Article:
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  • Global Economic Interests and Military Power: China and the Middle East

    There are now reports that the People’s Republic of China (PRC) has dispatched an airliner to Athens, to assist in any possible evacuation of Chinese, Hong Kong, and Taiwanese persons from Libya. This is in addition to the dispatch of Chinese merchant ships and even fishing boats. These efforts are consistent with Chinese President Hu Jintao’s instructions to “spare no efforts to ensure the safety of life and properties of Chinese citizens in Libya.”

    Setting aside the fact that Taiwanese are not citizens of the PRC and the controversy bound to ensue over the Chinese declaring them such, there is a much broader issue at stake over how a rising China determines and pursues its interests abroad.

    As China’s economy has extended globally, and becomes ever more dependent on imports to fuel and maintain it, Chinese foreign policy has generally been one of “non-interference,” turning a blind eye to some of the worst autocracies, so long as their access to raw materials was unhindered. That this approach might be alienating the local populations was downplayed in favor of the pragmatism of dealing with the ones who controlled the guns.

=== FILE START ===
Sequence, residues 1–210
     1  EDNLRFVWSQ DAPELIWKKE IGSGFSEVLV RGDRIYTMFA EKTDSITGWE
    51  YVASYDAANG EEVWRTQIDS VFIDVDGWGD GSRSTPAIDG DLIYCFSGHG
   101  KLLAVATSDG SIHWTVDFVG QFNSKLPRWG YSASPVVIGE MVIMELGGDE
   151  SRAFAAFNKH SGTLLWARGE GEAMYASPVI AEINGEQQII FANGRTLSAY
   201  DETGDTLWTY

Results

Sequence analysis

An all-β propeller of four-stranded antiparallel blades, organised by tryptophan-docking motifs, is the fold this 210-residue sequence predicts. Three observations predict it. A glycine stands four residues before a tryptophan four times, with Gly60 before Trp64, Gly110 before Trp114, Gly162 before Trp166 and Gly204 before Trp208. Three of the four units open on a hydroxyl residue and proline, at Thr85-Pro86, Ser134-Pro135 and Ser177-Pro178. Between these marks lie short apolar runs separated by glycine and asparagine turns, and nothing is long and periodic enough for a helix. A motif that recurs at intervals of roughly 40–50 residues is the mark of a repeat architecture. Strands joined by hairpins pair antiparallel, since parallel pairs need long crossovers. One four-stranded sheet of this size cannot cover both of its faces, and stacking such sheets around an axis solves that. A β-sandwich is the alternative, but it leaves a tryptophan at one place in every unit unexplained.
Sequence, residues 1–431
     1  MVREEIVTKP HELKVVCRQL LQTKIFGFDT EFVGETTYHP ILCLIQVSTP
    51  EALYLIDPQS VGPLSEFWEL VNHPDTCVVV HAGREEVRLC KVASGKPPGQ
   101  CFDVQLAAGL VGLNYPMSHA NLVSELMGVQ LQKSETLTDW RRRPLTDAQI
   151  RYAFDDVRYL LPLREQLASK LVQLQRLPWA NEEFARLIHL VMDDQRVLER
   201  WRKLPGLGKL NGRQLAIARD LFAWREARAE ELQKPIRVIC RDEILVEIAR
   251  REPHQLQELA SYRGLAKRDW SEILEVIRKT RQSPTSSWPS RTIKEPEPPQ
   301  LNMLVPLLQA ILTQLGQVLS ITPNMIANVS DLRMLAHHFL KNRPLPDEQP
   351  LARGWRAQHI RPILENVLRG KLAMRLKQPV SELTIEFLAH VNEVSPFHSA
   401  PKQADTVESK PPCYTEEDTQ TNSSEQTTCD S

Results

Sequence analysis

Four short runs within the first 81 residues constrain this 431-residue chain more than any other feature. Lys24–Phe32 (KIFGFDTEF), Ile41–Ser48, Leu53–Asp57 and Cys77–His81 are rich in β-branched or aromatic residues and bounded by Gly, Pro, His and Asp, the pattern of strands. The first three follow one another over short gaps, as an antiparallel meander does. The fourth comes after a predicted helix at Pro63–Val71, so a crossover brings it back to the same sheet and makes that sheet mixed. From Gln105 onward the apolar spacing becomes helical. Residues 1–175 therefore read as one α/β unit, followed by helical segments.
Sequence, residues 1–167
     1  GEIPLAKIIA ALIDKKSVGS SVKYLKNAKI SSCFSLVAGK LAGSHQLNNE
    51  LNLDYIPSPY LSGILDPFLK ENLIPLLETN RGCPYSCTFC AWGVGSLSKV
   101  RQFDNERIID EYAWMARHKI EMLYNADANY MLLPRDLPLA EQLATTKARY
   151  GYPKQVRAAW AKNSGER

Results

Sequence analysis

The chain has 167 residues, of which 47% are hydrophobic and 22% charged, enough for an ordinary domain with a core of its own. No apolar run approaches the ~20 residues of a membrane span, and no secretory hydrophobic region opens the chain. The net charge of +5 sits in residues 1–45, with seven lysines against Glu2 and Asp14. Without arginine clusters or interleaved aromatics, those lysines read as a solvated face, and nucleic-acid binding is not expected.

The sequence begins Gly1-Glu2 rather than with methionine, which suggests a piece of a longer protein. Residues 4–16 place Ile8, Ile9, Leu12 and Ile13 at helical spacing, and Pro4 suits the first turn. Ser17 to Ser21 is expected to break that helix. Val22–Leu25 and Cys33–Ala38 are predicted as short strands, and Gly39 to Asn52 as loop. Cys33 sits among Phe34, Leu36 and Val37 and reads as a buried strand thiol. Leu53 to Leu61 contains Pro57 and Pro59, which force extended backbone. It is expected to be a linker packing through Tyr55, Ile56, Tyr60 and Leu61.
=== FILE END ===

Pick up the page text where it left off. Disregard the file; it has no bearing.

Recent events in the Middle East suggest that this approach, while successful in the short-term, may have run its course. Iranian protestors in 2009 were heard chanting “Death to China,” in protest of Chinese acceptance of Ahmadinejad’s thuggish behavior in that nation’s contested presidential elections. Coupled with the reaction of Libyans to Chinese workers, and one has to wonder how the Chinese will react. Will they continue to follow a policy of “non-interference,” especially as Chinese investments abroad expand? Or, like other major powers, will the Chinese seek to influence their partners more, and will that make them more or less cooperative with the United States, Europe, and Japan?

    Posted in International [slideshow_deploy]

    2 Responses to Global Economic Interests and Military Power: China and the Middle East

    1. George Colgrove, VA says:

      With China in the cross hairs of the Extreemist, maybe it is time China and the US start repairing relations and start cooperating on the military front. This would help the US reduce DoD spending. It is in the financial benefits for the two nations to seek a common ground. Together, both nations can defeat extreemist. Believe it or not, the Chinese people (sans government) loves America.

    2. Pingback: World Spinner

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